July 2015 Box Office Forecast
By Michael Lynderey
July 3, 2015
As another jokey sci-fi tale with some appeal to children, and starring an actor singularly known for comedies, Pixels is up there with Ant-Man as a film that's hard to narrow down strategically. However, even those who scorn the films of Adam Sandler and his production company, Happy Madison, have to admit that Pixels' idea is sort of brilliant: in a movie world that hungers for pre-2000s nostalgia (see the dinosaurs and talking robots), why not take some of the most famous video game characters of the 1980s, enlarge them onto the silver screen, and then, inevitably, command them to invade and brutalize the earth? Aside from Sandler, director Chris Columbus definitely gives the film credibility with the younger set, and marketing has been relatively clever, without being completely overwhelming. In short, had Pixels been released in the summer of 2005, it would have all the markings of a solid blockbuster, a film easily approaching $200 million. And yet the recent past blurs the picture: sure-fire Sandler vehicles like That's My Boy and Blended have produced box office numbers inexplicably well below his average (and those were not bad movies, at least to my taste). The presence of Kevin James, an actor who's decidedly associated with Sandler, may not change much, but turns by Michelle Monaghan, Josh Gad, and audience-pleaser Peter Dinklage give the film some variety. It's still a tough call, but I'm thinking Pixels will turn in numbers somewhere in the neighborhood of Grown Ups 2.
Opening weekend: $42 million / Total gross: $125 million
While it feels like Judd Apatow and his cohorts and underlings have dominated film comedy since either 2004's Anchorman (which he produced) or 2005's The 40-Year-Old Virgin, Trainwreck comes in as only his fifth film as director. And while his filmography as producer is lengthy and complex, his record as helmer is easier to parse: his first two films, that Virgin and Knocked Up, were knockout successes, with the latter building on the renown of the former to gross almost $150 million in 2007. His two subsequent titles, Funny People and This is 40, certainly have their fans, but were largely unembraced by the public. The equation changes here for one simple reason: Trainwreck stars Amy Schumer, one of the most talked-about comedians in America today. And while it's true that no episode of her television series Inside Amy Schumer has ever had ratings of more than one million plus people, she's blitzed through the last several months with a heaping of media attention to her show, her stand-up performances, and her socio-racial-political commentary. Coupled with already-positive reviews, Trainwreck seems to have a guarantee of playing like a solid summer comedy at the box office.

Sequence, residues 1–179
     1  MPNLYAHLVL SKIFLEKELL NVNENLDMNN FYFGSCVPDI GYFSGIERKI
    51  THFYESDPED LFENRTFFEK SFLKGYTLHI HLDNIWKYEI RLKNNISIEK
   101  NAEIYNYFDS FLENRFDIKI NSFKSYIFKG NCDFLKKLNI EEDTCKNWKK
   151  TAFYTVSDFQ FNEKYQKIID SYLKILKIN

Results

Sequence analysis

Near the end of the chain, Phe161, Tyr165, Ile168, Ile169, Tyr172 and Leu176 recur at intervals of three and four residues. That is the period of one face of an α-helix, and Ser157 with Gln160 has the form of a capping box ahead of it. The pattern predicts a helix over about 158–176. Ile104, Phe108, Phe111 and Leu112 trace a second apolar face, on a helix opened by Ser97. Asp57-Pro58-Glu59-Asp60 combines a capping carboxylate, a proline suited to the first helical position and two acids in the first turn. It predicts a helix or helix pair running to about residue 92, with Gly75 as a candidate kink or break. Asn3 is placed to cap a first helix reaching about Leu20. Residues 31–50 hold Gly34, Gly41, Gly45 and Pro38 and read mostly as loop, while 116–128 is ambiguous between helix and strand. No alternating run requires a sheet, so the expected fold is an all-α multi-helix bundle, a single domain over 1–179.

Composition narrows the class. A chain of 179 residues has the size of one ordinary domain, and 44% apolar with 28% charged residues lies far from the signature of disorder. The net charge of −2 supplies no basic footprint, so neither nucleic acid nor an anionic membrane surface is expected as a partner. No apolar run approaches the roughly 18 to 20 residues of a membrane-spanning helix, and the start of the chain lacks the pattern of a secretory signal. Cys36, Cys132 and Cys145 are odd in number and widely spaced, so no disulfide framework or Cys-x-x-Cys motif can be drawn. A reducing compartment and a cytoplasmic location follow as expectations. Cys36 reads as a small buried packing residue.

It should also be said: most of Judd Apatow's films are defined by an undeterred length of over two hours. Trainwreck does not break this tradition.
Opening weekend: $33 million / Total gross: $100 million
7. Vacation (July 29th)
It's back! Vacation is another film moved up from the year's fourth quarter to its third, shifted as it was from October into a release date more closely resembling the original film (which bowed July 1983). A late summer Wednesday release also calls to mind another decidedly R-rated family adventure story, We're the Millers, which did gangbuster business two years back. The date change makes perfect sense - what kind of a person goes on vacation in October? Strictly speaking, this is not a reboot but a continuation of the Vacation franchise, which is probably still best remembered for its third and biggest film, Christmas Vacation, as well as for its first (don't ask about the other two). Ed Helms picks up the reigns as the son of Chevy Chase's character, and the cast also includes Christina Applegate, Charlie Day, Michael Peña (again), Chase himself, and, memorably, Chris Hemsworth in a comedic supporting part. It's also an entry in one of my favorite genres, the road trip film, and should do pretty well even having to share theater space with Trainwreck. By the way, if this film is a hit, a semi-redo of Christmas Vacation is probably inevitable.
Opening weekend: $32 million (5-day) / Total gross: $92 million